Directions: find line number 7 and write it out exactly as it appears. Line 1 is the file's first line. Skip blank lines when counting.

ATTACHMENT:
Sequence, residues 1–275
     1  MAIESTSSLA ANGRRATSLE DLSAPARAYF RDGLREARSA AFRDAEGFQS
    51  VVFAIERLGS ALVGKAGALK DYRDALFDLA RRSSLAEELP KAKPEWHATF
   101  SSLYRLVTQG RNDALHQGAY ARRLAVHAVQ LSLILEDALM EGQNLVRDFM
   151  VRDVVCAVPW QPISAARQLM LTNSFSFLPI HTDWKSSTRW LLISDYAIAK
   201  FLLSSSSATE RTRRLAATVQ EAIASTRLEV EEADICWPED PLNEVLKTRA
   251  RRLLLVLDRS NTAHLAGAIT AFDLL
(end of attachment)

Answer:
   251  RRLLLVLDRS NTAHLAGAIT AFDLL